“Yeah,” Chris said, noticing Joe’s newfound enthusiasm. “That’s what I hear. Always picking on the little guy. That’s the way Frankie is.”
“So this mug’s really askin’ for it.”
“You bet he is. Probably hits his kids too. He’s just a bully. A wanna-be tough guy.” Chris brushed a knuckle across the tip of his nose and said, “Y’know, Joe... I’d do it myself, but I’m too close to the situation. Know what I mean? The cops, they’d come lookin’ for me quick.”
Joe nodded with a cocked eyebrow and a serious look on his face.
“So what do you say, Joe? Can you help me out, or do I got the wrong guy?”
He thought about it for a minute. He was just dejected and down on his luck enough to consider what he knew Chris was asking him to do. Joe lowered his voice and leaned in. “All right, I’ll go scuff this guy up for ya. I’ll scuff him up real good. But it’s gonna cost you some big dough.”
After looking around the diner to make sure no one was watching, Chris took a wad of cash from his pocket and slid it across the table. “That’s five hundred bucks,” he said. “And you’ll get five hundred more if I’m happy with the results.”
Joe took the money and brought it down under the table for a look. He spread the bills apart with his thick fingers. There they were all right, five one-hundred dollar bills. A one and two zeroes each. Five of them. He didn’t know what to say. He would have done it for fifty.
“Now, listen, Joe,” Chris said, “We gotta be smart here. I don’t want you getting into any trouble with the cops, you know what I mean? I don’t want people saying some guy named Joe came in here and started knockin’ Frankie around for a while. So what you gotta do is tell ’em you’re me... Chris Allen.”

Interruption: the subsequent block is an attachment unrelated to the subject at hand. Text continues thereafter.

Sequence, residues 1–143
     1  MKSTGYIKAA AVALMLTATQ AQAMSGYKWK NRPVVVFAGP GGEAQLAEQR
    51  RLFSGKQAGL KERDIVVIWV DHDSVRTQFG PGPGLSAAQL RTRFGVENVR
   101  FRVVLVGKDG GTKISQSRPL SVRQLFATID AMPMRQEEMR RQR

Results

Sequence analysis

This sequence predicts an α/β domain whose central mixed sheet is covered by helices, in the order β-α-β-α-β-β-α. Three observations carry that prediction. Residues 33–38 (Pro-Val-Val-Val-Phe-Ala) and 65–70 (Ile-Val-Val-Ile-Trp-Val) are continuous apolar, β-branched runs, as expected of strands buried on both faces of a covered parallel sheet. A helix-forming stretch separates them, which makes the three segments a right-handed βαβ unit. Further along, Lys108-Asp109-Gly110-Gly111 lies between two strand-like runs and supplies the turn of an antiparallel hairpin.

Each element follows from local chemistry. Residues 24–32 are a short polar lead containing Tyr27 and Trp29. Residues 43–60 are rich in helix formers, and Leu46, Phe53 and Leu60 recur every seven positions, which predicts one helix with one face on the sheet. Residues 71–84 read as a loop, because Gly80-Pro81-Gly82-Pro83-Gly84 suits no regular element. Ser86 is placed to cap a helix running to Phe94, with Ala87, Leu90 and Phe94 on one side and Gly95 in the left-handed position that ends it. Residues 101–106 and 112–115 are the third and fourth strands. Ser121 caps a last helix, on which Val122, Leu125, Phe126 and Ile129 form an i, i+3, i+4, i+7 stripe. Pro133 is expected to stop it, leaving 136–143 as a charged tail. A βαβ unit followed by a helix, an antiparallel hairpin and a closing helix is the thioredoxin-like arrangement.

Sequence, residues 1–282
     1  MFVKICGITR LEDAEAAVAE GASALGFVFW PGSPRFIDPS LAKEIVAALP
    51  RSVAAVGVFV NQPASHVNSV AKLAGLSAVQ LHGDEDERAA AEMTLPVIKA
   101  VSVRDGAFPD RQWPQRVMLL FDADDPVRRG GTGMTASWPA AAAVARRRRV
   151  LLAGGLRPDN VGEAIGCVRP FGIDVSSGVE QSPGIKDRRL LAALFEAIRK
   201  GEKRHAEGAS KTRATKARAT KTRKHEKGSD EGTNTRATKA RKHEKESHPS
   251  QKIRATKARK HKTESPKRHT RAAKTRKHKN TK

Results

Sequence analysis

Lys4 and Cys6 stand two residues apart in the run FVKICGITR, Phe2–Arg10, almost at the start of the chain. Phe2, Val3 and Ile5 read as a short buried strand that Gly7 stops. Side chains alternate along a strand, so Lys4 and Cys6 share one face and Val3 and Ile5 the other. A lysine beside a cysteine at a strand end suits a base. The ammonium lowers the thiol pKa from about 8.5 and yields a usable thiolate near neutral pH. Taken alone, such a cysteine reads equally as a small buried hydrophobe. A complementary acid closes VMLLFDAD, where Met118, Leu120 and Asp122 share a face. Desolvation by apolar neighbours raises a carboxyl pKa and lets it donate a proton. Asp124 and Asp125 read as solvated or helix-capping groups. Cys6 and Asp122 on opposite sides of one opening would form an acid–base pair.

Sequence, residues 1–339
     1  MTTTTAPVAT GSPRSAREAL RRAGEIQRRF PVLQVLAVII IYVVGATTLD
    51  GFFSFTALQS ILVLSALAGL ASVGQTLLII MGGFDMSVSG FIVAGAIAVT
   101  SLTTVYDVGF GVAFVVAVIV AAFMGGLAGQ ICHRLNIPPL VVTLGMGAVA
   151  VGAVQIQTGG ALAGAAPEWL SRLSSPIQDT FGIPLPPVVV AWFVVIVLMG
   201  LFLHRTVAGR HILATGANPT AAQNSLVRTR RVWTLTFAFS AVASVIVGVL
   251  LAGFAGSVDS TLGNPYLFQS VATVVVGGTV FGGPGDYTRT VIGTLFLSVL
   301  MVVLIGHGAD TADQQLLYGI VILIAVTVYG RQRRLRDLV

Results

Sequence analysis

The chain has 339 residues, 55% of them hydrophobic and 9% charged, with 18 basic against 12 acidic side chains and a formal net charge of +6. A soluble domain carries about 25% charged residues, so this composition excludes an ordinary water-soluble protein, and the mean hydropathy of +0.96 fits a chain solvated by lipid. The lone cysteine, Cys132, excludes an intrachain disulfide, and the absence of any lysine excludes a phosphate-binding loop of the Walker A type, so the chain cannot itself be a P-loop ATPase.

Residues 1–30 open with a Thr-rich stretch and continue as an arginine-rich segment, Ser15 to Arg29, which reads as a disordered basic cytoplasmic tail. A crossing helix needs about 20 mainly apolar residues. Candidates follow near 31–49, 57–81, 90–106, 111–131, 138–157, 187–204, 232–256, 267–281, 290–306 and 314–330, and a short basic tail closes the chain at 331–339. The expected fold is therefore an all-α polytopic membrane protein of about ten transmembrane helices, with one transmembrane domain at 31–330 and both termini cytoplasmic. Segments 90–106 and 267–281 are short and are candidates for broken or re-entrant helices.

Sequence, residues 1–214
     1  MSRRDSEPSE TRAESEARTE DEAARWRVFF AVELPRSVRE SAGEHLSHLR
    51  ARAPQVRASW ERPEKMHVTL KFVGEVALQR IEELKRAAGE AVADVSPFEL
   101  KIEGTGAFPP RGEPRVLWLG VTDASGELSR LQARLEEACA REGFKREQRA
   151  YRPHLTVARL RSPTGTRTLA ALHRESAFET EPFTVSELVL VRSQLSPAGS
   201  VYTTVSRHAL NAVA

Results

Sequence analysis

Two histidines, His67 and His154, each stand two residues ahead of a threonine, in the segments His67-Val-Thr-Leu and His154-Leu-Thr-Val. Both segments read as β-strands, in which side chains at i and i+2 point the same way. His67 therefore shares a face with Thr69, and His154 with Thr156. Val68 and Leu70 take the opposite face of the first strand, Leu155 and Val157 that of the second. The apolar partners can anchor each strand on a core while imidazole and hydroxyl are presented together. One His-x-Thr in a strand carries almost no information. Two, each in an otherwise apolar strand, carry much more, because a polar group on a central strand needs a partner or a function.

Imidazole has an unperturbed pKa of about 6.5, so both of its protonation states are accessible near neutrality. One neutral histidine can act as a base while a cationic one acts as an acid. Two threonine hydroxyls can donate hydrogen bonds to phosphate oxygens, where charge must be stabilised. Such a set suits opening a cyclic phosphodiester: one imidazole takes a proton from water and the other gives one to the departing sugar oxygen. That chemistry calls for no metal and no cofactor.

“Yeah, Joe. See, Frankie doesn’t know what I look like. I only heard from him over the phone a few times or through this other guy.”
“But then the cops are gonna come lookin’ for you.”
“That’s okay, Joe, because I’m gonna have what’s called an alibi. You know what that is? It’s when someone else can tell the cops where you were. And I’m gonna be out with some people that night. So if they do come and get me I’ll just tell ’em I got an alibi. Besides that, they’ll realize that I don’t even match the guy they’re lookin’ for. That’s if the cops even bother to look for someone.” Chris laughed. “Maybe they’ll just want someone to thank for working that scumbag over real good, right Joe?”
“So let’s do it tomorrow night. Okay with you, Joe? About six? I’ll be with some friends at D’Annato’s over on 15th. It’ll be really crowded, so we’re covered.”
“D’Annato’s,” Joe said as though it were a mythical place. “I heard about that one. It’s nice.”
“It is, Joe. It’s real nice.” Chris took out an expensive-looking pen and a small, leather-bound notepad. He wrote down the address to a place called The Tavern. Tore out the sheet and slid it across the table.
Joe left the diner and headed back to his place over the thrift store. Only about three blocks walk. He zipped up his sweatshirt as far as it would go. Pulled the hood over his head and shoved his hands into his pockets. He stood a little straighter then before though. Didn’t feel the wind as much either. Joe said to himself, “You always get by, Joe. Somehow you always find a way to get by.”
* * *
The next day Joe went down to the deli and bought some bologna, a loaf of bread, pickles, a quart of milk, and a block of cheese — cheddar, the good kind. He paid for it all with a hundred. It felt good. He was working again.